- The Washington Times - Wednesday, October 16, 2002

The Bush administration yesterday said it is uncomfortable with the philosophy and technology behind a ballistic fingerprinting system that some are calling to be used in investigations into such crimes as the sniper attacks around Washington.
"The real issue is values, and that's what is at stake here," said White House Press Secretary Ari Fleischer. "These are the acts of a depraved killer who has broken and will continue to break laws. And so the question is not new laws; the question is the actions here represent values in our society."
Some gun-control advocates have argued that a nationwide ballistic fingerprint program, which would require a fired bullet and cartridge casings from firearms sales to be cataloged, would help investigators.
After recovering a spent casing or fired bullet used in a crime, investigators would track down the firearms dealer and obtain the buyer's information much the same way they operate today if they recover a firearm linked to a crime. Federal law prohibits a national registry of firearms owners.
Mr. Fleischer said questions have been raised about gun owners' rights as well as the technical accuracy of such a ballistics system, which he compared to human fingerprinting.
"There are law-abiding Americans and then there are criminals. And just as if you were to fingerprint every single law-abiding American, it might give you a helpful clue to determine who engaged in a robbery or in a theft. Do you want to apply that across the board for every instance?" he asked.
"The president does believe that law-abiding citizens have the right to bear arms," he said.
Meanwhile, the House in a voice vote yesterday passed a bill to authorize spending $1.1 billion in federal funds to help states computerize records for the instant-check system required under the Brady Bill for new firearms purchases.
As he introduced the bill, Rep. F. James Sensenbrenner Jr., Wisconsin Republican and chairman of the House Judiciary Committee, charged that Maryland had weakened the national background check system for firearms sales. The state, citing a lack of funds, for six months this year failed to conduct archival checks of criminal records. Mr. Sensenbrenner sent a letter to the General Accounting Office yesterday asking for an investigation into how Maryland spent $6.7 million allocated during the last several years to improve its criminal history records.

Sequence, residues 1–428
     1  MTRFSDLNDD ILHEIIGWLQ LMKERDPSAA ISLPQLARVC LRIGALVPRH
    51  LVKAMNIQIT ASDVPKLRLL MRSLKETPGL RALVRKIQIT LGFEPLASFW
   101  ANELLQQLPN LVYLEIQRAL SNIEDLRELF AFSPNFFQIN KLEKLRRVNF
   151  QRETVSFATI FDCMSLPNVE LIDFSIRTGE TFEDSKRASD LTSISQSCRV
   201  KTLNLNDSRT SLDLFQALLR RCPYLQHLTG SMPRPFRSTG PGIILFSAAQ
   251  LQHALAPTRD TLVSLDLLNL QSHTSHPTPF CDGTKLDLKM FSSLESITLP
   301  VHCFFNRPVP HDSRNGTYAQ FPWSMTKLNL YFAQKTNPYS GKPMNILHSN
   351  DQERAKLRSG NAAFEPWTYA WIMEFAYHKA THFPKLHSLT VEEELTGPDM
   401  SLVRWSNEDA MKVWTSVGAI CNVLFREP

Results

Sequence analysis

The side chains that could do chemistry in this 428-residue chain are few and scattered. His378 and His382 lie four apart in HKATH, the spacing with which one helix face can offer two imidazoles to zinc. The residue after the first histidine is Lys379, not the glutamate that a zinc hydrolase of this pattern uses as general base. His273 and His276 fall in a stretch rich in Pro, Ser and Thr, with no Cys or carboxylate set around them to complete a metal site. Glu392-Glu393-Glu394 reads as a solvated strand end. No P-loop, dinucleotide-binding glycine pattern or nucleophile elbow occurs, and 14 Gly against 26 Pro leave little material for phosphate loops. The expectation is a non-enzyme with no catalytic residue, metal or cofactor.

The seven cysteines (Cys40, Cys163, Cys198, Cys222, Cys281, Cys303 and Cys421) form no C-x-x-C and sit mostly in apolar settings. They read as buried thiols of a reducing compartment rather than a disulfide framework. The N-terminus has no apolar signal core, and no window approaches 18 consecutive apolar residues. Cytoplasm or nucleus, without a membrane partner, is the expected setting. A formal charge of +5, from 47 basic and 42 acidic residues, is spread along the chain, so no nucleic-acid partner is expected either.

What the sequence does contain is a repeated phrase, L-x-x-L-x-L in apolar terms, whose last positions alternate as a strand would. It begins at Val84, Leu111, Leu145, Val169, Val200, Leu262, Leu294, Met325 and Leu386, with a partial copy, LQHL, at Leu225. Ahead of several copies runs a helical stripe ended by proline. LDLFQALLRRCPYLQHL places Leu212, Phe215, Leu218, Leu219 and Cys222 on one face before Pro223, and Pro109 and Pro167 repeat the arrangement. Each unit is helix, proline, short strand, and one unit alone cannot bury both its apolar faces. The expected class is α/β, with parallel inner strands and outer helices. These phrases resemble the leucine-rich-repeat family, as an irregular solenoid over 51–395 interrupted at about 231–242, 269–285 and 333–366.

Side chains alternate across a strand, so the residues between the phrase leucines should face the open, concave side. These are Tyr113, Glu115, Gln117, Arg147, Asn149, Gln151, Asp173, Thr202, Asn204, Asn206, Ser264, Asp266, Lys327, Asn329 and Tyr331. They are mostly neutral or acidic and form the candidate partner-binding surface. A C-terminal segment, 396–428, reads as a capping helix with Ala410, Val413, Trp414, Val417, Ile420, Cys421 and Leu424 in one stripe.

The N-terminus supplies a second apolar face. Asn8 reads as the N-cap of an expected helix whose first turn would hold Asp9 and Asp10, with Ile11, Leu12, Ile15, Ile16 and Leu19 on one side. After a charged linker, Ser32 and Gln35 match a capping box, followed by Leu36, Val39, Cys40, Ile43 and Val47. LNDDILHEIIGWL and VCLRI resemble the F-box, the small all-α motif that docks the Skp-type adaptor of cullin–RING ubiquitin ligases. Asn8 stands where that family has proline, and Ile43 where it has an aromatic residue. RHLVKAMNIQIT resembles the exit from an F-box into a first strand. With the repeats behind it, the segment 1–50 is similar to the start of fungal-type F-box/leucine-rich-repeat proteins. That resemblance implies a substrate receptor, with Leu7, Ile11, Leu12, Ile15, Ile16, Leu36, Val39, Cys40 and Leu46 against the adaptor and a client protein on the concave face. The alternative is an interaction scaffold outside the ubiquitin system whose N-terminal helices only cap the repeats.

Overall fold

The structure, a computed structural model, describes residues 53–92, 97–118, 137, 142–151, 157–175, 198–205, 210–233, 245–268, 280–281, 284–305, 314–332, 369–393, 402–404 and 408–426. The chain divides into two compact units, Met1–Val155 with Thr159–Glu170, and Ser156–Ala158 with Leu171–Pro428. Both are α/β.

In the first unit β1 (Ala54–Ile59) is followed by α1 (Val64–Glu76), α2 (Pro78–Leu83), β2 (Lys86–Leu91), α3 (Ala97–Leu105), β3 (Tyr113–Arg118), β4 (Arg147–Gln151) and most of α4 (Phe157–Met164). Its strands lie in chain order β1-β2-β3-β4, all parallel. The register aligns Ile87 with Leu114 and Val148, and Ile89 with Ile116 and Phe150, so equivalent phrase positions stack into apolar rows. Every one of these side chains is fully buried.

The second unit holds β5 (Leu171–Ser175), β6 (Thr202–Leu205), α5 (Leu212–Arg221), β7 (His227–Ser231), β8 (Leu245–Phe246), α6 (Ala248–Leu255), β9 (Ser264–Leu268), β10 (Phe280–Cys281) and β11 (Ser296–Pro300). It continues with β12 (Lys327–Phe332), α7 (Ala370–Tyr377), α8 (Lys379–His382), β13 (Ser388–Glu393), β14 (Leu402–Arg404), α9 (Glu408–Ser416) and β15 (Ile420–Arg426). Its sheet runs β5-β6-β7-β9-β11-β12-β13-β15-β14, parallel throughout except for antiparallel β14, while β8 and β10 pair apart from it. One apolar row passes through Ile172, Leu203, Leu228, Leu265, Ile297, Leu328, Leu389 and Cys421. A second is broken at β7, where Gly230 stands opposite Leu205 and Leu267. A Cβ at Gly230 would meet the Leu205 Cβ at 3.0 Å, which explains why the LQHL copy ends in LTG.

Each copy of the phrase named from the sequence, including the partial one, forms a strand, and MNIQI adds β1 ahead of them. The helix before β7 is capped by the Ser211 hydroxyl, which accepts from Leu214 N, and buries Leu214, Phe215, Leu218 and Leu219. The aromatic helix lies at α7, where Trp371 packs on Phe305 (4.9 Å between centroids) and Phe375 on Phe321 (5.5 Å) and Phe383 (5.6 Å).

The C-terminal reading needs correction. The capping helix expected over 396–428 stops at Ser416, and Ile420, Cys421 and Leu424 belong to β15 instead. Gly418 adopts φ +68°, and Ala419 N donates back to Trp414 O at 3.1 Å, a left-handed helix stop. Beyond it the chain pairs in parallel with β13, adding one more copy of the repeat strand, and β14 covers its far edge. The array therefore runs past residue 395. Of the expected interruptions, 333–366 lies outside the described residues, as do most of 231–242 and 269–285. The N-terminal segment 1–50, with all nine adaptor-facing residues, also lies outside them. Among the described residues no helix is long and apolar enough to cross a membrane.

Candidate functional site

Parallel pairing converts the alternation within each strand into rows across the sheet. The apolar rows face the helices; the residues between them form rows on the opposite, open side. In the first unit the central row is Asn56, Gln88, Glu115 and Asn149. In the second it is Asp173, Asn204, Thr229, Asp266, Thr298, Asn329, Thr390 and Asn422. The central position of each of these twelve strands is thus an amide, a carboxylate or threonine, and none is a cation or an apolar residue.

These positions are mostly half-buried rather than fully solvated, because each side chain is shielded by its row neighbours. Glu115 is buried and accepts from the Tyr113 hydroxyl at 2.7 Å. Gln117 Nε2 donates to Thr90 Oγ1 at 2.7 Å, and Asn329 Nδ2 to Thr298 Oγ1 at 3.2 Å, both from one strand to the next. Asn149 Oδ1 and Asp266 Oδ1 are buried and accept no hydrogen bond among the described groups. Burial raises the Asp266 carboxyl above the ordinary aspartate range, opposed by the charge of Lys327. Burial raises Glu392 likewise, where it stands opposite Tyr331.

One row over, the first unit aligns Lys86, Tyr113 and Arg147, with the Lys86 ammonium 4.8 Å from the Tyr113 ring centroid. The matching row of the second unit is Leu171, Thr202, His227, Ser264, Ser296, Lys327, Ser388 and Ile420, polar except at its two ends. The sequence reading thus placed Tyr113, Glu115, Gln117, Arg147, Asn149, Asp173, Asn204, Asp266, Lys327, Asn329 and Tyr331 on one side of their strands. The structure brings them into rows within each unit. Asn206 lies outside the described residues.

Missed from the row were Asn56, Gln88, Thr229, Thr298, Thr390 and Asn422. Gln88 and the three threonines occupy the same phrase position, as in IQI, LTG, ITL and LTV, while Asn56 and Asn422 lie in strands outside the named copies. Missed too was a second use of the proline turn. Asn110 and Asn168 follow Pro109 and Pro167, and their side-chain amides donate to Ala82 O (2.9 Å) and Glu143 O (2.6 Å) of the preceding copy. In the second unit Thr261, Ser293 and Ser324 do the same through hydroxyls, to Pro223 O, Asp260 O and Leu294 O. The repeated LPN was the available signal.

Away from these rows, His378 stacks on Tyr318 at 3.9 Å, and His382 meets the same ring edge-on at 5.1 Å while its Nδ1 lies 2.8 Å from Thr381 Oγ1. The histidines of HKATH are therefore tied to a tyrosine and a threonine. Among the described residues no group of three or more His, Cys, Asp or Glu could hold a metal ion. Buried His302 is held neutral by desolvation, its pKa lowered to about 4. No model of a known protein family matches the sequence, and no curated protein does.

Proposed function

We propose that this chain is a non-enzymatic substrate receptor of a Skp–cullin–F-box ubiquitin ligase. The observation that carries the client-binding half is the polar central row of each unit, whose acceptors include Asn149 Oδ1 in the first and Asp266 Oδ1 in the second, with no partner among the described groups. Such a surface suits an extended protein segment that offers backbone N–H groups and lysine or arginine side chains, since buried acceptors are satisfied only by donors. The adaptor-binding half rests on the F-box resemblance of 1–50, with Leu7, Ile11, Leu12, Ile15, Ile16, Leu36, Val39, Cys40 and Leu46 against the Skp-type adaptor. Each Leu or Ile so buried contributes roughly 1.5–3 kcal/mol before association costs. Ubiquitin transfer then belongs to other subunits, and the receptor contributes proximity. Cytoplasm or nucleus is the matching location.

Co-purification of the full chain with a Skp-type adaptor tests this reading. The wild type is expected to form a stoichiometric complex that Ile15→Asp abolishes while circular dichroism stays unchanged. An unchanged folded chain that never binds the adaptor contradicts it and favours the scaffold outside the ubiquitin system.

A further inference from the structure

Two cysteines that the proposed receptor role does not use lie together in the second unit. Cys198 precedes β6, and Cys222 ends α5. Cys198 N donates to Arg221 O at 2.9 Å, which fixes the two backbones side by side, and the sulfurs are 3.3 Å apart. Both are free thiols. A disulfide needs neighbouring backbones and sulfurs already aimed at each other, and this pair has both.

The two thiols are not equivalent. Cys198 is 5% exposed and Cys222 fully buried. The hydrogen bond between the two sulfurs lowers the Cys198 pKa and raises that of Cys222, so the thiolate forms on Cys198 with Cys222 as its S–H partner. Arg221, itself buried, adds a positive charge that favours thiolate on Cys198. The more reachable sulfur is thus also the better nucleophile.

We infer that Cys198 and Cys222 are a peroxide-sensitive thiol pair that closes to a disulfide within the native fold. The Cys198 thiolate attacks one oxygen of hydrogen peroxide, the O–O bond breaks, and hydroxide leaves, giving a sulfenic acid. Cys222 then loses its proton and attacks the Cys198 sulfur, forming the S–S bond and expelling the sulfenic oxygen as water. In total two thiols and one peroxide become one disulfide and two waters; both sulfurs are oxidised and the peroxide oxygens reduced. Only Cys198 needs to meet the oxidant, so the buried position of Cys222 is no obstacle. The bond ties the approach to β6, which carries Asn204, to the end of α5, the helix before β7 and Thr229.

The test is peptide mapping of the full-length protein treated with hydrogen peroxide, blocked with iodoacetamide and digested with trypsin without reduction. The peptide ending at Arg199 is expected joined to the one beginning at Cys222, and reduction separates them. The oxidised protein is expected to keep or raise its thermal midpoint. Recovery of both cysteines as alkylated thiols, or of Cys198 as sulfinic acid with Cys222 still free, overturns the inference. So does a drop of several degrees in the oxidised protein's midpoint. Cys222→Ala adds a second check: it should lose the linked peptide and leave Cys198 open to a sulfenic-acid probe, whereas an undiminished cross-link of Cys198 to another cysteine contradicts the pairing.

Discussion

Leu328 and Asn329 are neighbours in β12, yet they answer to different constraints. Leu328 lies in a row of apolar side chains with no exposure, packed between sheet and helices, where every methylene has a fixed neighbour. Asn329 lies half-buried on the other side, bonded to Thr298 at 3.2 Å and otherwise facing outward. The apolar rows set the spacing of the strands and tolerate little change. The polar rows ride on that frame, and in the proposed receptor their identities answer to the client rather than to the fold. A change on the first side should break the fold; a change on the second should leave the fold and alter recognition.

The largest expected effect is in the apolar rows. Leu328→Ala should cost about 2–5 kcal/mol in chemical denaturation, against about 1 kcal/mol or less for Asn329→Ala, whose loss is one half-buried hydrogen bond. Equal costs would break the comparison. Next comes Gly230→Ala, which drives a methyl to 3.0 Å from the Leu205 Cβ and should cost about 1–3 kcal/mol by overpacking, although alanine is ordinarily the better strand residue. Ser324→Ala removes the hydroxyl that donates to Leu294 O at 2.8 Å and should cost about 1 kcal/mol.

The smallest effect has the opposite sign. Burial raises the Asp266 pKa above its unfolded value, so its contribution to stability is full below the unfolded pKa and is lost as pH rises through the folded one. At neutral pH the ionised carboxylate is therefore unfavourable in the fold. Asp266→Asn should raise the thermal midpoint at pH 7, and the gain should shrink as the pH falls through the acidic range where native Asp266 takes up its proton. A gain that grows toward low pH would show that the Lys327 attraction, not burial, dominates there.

"Maryland's failure affects every state because a Maryland felon might, for example, try to illegally buy a gun in Virginia. If the Maryland State Archives refuses to search its criminal history records, Maryland felons can purchase guns that they are otherwise prohibited from purchasing," Mr. Sensenbrenner said. He said Maryland is the only state to refuse to participate.
Matt Bennett, spokesman for Americans for Gun Safety, said he didn't know enough about the specifics of the complaint, but said, "I think it can be fairly summarized as gubernatorial politics."
On the ballistic fingerprint issue, Mr. Bennett urged the president to reconsider, and he pointed to a Bureau of Alcohol, Tobacco and Firearms report from May that said models for ballistic fingerprinting on handguns show that such a system would provide "invaluable information" to law enforcement.
"Everything Ari Fleischer said today about ballistic fingerprinting is squarely contradicted by a report that his own administration issued this year. Ballistic fingerprinting works, and it works well. And ATF has said so," Mr. Bennett said.

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